|Publication number||US4339713 A|
|Application number||US 06/149,245|
|Publication date||Jul 13, 1982|
|Filing date||May 12, 1980|
|Priority date||May 25, 1979|
|Also published as||DE3017202A1, DE3017202C2|
|Publication number||06149245, 149245, US 4339713 A, US 4339713A, US-A-4339713, US4339713 A, US4339713A|
|Inventors||Yoshiyuki Kago, Sigeyuki Akita, Masao Kotera|
|Original Assignee||Nippon Soken, Inc.|
|Export Citation||BiBTeX, EndNote, RefMan|
|Patent Citations (4), Referenced by (13), Classifications (8)|
|External Links: USPTO, USPTO Assignment, Espacenet|
This invention relates to apparatuses for out of contact detection of rotations of bodies undergoing rotational displacements, in particular apparatuses for detecting the rotational speed of internal combustion engines for vehicles, which apparatuses are suitable particularly for diesel engines.
Conventional apparatuses for such purposes detect the rotation of a gasoline engine by means of ignition signals therefor or by means of a sensor such as an electromagnetic pick-up which senses the motion of the teeth of an engine cranking gear.
However, the former of the above apparatuses can not be applied to diesel engines which do not utilize spark ignitions, while the latter require boring engines themselves for mounting thereof.
It has been well known that one revolution of a magnetic body having a pair of opposite poles (N and S poles) introduced forcibly by an external magnetic field, will generate one cycle of a change in the magnetic field. We have further found after a variety of experiments that a ferromagnetic body free of external magnetization also exhibits, in one cycle of its revolution, one cycle of a change in the magnetic field due to its inherent magnetization.
An object of the invention is to provide an apparatus which makes it possible to accurately measure without contact the frequency of, for example, an engine regardless of the type of the engine by means of: a magnetic sensor disposed at a distance away from an existing rotational body, e.g. the crank shaft of an engine, which is made of a ferromagnetic material such as malleable cast iron and is supposed to be weakly magnetized due to inherent magnetization; and a processor means for processing output signals from such a detecting apparatus.
The present invention will be described more specifically with reference to the following figures in which:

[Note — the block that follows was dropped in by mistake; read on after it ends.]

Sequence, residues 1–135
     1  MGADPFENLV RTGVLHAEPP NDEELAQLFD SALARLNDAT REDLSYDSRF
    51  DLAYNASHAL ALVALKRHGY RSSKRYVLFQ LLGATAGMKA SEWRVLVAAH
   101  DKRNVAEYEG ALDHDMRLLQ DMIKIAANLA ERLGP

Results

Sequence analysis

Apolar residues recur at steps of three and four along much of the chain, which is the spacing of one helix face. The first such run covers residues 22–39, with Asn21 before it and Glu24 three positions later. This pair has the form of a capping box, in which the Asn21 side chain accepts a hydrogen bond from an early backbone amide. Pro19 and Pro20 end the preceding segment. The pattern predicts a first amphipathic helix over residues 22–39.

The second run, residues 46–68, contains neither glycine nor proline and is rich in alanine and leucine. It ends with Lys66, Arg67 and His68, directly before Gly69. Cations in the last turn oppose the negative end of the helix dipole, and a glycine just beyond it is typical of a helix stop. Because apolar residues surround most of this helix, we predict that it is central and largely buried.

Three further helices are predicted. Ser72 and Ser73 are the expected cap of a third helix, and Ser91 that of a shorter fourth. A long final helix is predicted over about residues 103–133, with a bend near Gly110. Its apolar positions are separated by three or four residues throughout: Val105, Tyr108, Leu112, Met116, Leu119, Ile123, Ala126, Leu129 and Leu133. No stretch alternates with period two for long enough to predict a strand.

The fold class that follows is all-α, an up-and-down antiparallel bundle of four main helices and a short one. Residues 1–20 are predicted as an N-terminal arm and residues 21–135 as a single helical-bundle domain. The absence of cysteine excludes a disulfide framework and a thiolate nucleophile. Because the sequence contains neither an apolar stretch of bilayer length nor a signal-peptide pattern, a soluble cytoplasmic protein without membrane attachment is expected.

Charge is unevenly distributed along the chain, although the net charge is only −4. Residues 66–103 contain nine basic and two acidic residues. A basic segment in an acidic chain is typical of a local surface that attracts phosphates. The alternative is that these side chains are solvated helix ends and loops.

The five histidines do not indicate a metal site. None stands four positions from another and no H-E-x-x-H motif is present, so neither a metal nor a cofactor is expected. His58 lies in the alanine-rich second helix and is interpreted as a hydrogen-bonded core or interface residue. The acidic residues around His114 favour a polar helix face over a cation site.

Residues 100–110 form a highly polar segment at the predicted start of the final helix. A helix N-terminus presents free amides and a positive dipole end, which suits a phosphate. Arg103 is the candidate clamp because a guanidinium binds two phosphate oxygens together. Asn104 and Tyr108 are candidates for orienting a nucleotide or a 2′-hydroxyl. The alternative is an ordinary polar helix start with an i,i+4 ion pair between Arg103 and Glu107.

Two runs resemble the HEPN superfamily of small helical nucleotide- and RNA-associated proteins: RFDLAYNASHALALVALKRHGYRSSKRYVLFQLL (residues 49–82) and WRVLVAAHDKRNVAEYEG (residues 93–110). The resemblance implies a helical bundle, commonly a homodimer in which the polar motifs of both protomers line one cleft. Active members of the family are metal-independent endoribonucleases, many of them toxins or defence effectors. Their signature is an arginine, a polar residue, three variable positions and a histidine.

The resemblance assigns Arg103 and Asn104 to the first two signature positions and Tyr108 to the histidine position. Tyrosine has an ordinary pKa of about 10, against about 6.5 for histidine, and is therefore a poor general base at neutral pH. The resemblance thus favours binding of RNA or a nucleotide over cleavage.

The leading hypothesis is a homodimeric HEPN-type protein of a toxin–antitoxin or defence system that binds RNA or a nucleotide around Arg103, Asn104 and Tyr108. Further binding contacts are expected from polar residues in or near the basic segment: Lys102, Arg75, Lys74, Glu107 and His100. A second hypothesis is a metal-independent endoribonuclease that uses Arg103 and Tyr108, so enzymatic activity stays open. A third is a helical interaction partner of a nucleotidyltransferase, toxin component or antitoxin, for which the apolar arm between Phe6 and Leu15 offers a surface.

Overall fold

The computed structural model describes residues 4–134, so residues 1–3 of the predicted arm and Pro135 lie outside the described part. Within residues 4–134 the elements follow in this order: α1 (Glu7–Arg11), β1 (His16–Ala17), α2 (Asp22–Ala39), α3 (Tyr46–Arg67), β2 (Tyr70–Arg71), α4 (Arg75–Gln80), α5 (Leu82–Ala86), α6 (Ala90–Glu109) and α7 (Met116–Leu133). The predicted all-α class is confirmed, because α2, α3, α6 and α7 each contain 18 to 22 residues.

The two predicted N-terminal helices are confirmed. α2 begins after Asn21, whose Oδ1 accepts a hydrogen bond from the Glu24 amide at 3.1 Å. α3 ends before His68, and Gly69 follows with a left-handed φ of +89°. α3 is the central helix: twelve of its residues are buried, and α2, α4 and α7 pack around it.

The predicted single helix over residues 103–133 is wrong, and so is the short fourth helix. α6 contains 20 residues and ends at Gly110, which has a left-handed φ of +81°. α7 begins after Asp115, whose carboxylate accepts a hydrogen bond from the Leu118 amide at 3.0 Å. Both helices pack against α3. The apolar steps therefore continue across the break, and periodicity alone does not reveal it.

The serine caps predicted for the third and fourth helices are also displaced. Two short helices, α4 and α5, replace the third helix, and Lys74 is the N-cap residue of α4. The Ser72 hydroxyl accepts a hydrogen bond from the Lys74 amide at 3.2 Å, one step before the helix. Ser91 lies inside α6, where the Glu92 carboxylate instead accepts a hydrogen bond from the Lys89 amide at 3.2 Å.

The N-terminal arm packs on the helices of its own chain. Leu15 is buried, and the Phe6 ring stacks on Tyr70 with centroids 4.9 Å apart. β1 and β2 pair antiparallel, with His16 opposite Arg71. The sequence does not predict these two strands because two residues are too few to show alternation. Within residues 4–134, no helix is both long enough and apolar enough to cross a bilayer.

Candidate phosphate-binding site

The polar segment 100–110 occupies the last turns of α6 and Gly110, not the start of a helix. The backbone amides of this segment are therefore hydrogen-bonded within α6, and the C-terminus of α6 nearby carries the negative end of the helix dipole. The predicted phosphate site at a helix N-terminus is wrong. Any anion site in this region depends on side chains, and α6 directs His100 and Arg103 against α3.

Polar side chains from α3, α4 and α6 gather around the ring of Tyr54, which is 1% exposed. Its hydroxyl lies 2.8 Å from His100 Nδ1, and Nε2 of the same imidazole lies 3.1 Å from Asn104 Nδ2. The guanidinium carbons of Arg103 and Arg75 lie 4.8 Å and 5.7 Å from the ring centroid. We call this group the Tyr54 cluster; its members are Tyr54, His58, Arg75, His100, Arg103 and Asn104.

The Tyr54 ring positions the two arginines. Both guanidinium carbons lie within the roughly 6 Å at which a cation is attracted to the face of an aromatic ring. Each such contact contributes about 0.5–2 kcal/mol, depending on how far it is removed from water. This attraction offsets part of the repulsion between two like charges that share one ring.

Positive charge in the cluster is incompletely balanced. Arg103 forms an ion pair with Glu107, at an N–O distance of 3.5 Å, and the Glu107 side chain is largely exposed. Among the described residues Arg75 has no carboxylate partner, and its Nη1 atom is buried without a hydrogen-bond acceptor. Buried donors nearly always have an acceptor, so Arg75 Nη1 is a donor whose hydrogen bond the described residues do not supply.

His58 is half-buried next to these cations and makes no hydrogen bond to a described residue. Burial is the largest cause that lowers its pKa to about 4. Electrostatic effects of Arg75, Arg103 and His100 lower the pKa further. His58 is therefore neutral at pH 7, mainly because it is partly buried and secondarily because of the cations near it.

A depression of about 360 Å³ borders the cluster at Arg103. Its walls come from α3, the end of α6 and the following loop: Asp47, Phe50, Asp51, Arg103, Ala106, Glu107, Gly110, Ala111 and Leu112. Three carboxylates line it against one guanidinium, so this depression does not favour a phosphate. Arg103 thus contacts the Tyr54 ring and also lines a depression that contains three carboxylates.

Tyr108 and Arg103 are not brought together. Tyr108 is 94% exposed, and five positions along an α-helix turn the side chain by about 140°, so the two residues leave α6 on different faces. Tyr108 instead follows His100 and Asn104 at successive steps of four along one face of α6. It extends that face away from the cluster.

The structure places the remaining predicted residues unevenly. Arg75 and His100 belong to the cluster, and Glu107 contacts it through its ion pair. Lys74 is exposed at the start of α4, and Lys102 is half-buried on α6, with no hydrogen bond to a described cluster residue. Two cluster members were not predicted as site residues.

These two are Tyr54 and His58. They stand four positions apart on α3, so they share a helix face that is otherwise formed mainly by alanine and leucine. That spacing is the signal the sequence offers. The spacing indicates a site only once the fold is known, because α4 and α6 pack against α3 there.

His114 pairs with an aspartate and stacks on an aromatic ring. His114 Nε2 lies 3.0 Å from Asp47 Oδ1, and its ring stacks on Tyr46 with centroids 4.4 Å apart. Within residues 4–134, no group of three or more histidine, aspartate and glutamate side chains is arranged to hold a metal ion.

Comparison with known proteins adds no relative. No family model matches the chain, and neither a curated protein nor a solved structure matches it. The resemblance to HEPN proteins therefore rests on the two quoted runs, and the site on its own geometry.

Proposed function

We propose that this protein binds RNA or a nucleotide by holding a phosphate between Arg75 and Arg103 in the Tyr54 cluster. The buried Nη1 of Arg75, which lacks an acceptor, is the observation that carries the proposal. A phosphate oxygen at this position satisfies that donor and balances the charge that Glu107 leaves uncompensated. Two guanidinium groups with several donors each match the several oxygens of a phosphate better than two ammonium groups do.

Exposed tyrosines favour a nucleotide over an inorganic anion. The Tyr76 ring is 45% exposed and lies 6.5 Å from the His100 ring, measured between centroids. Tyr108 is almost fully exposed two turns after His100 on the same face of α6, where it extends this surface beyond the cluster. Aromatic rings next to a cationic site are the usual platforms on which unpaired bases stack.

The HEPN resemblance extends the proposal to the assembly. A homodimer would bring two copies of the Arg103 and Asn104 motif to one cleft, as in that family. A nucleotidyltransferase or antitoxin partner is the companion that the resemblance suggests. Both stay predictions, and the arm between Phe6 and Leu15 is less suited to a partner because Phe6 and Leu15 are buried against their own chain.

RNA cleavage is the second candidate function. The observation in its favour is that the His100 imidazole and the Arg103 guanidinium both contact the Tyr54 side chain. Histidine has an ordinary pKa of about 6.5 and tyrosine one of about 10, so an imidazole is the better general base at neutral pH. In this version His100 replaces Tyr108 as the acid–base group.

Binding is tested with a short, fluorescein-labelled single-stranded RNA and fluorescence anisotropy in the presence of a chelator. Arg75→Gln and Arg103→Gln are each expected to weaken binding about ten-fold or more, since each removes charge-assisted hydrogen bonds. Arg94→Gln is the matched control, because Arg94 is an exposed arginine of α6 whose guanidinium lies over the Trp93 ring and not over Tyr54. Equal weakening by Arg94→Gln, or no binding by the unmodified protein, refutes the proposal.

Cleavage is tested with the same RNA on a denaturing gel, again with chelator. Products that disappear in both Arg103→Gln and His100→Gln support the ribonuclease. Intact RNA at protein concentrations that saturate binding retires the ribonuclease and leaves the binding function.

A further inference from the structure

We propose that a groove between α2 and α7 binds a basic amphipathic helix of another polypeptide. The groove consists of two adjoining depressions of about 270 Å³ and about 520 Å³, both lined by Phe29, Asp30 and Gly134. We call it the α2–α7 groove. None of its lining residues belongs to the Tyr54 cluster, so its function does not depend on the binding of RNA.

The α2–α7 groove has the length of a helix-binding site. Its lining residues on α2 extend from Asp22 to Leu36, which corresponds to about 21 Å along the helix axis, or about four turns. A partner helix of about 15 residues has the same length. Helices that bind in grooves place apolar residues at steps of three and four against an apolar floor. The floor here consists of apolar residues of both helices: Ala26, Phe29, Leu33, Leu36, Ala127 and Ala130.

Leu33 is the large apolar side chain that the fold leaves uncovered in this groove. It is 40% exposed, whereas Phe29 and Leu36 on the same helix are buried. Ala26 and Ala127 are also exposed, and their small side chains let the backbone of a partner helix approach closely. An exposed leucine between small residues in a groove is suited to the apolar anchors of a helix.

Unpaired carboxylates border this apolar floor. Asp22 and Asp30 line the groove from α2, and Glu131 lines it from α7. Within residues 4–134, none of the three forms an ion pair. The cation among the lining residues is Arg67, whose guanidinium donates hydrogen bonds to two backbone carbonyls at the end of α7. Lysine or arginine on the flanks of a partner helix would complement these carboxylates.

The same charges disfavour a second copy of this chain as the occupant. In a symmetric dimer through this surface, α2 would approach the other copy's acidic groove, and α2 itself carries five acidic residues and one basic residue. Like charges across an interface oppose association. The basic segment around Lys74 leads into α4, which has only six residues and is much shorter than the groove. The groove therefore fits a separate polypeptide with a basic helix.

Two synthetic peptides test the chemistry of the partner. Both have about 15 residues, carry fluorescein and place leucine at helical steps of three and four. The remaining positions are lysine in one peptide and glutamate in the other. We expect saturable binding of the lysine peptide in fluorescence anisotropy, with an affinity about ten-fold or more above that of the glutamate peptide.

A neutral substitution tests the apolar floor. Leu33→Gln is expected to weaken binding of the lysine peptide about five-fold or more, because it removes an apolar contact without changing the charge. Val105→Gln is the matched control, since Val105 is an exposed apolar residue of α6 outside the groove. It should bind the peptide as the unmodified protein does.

FIG. 1 shows a block diagram of a first embodiment of the invention;
FIG. 2 illustrates an electric circuit used in the first embodiment;
FIG. 3 illustrates the wave-forms appearing in the circuit, provided as an aid for understanding the operation of the first embodiment;
FIG. 4 illustrates a characteristic example of a measurement using the first embodiment;
FIG. 5 shows a block diagram of a second embodiment of the invention; and
FIG. 6 illustrates the wave-forms at various points in the second embodiment, provided for understanding the second embodiment.
In the first embodiment as shown in FIGS. 1 and 2, a magnetic sensor 1 is placed at a point A near an existing pulley 4a mounted on a crank shaft 4 of an engine 3 to drive, for example, an a.c. voltage generator (not shown). A transmission 3a connects the crank shaft 4 with a vehicle driving shaft. The magnetic sensor 1 comprises a drive coil 5, a detection coil 6, and a flux-gate type magnetometer having a ring permalloy magnetic core 7. As shown in FIG. 2, the coils 5 and 6 are wound around the magnetic core 7. The sensor 1 is so arranged that the axes of the core 7 and the crank shaft 4 are mutually perpendicular and that the axes of the detection coil 6 and the crank shaft 4 are in parallel each other as shown in FIG. 1. The sensor 1 is connected with a processor 2. The processor 2 comprises an energizing circuit 8 to make the magnetic sensor 1 operable and a detection circuit 9 to detect the output of the magnetic sensor 1. A terminal 2a is a power terminal to be connected with a constant voltage circuit, while a terminal 2b is an output terminal. The energizing circuit 8 comprises an astable multivibrator, or an osillator circuit, having inverter gates 10, 11, and 12, resistors 13, 14, and 16, condenser 15, and a transistor 17. The detection circuit 9 comprises an AC amplifier 18, a diode 19, a condenser 20, a resistor 21, and a Schmidt circuit 22.
Now the operation of the above embodiment will be described below. The periodic triangular output (FIG. 3(a)) of the astable multivibrator comprising the inverter gates 10 and 11, the resistors 13 and 14, and the condenser 15 is impressed via the transistor 17 on the drive coil 5 of the magnetic sensor 1. The frequency of the periodic triangular output (5 KHz in this example) must be considerably higher than the maximum rotational frequency (0.1 KHz) of the crank shaft 4. Other forms of the wave e.g. sinusoidal one may alternately be used as the periodic output. This signal will generate an intense driving magnetic field in the core 7, which will be superposed with a weak external magnetic field added to the former as a signal, and results in a signal in the detection coil 6 having the amplitude proportional to the resultant magnetic field intensity (FIG. 3(b)). Thus, the amplitude is constant when the crank shaft 4 is at rest, as shown by the portion of the graph left to the line A in FIG. 3(b), while when the crank shaft is in rotation the signal from the detection coil is amplitude-modulated as shown by the counter portion of the graph to the right of line A in the same figure.